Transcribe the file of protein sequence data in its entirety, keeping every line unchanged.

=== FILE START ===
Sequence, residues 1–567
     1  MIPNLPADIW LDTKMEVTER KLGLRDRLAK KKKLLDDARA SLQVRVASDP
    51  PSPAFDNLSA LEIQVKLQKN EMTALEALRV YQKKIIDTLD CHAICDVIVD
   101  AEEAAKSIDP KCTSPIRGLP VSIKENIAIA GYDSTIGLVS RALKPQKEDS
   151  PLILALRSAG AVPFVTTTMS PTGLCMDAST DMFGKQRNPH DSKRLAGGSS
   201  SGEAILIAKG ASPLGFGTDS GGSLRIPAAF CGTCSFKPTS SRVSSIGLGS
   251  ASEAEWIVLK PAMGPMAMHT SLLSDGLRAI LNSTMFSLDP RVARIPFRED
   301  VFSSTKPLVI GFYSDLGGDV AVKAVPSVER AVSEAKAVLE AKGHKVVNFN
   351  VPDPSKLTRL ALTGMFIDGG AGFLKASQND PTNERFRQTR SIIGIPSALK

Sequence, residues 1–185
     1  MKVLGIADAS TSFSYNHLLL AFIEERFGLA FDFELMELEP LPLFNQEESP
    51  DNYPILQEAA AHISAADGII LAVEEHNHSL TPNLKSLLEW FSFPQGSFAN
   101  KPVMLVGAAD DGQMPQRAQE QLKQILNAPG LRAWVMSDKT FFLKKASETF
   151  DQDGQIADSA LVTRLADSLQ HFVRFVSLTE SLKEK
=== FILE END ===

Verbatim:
Sequence, residues 1–567
     1  MIPNLPADIW LDTKMEVTER KLGLRDRLAK KKKLLDDARA SLQVRVASDP
    51  PSPAFDNLSA LEIQVKLQKN EMTALEALRV YQKKIIDTLD CHAICDVIVD
   101  AEEAAKSIDP KCTSPIRGLP VSIKENIAIA GYDSTIGLVS RALKPQKEDS
   151  PLILALRSAG AVPFVTTTMS PTGLCMDAST DMFGKQRNPH DSKRLAGGSS
   201  SGEAILIAKG ASPLGFGTDS GGSLRIPAAF CGTCSFKPTS SRVSSIGLGS
   251  ASEAEWIVLK PAMGPMAMHT SLLSDGLRAI LNSTMFSLDP RVARIPFRED
   301  VFSSTKPLVI GFYSDLGGDV AVKAVPSVER AVSEAKAVLE AKGHKVVNFN
   351  VPDPSKLTRL ALTGMFIDGG AGFLKASQND PTNERFRQTR SIIGIPSALK

Sequence, residues 1–185
     1  MKVLGIADAS TSFSYNHLLL AFIEERFGLA FDFELMELEP LPLFNQEESP
    51  DNYPILQEAA AHISAADGII LAVEEHNHSL TPNLKSLLEW FSFPQGSFAN
   101  KPVMLVGAAD DGQMPQRAQE QLKQILNAPG LRAWVMSDKT FFLKKASETF
   151  DQDGQIADSA LVTRLADSLQ HFVRFVSLTE SLKEK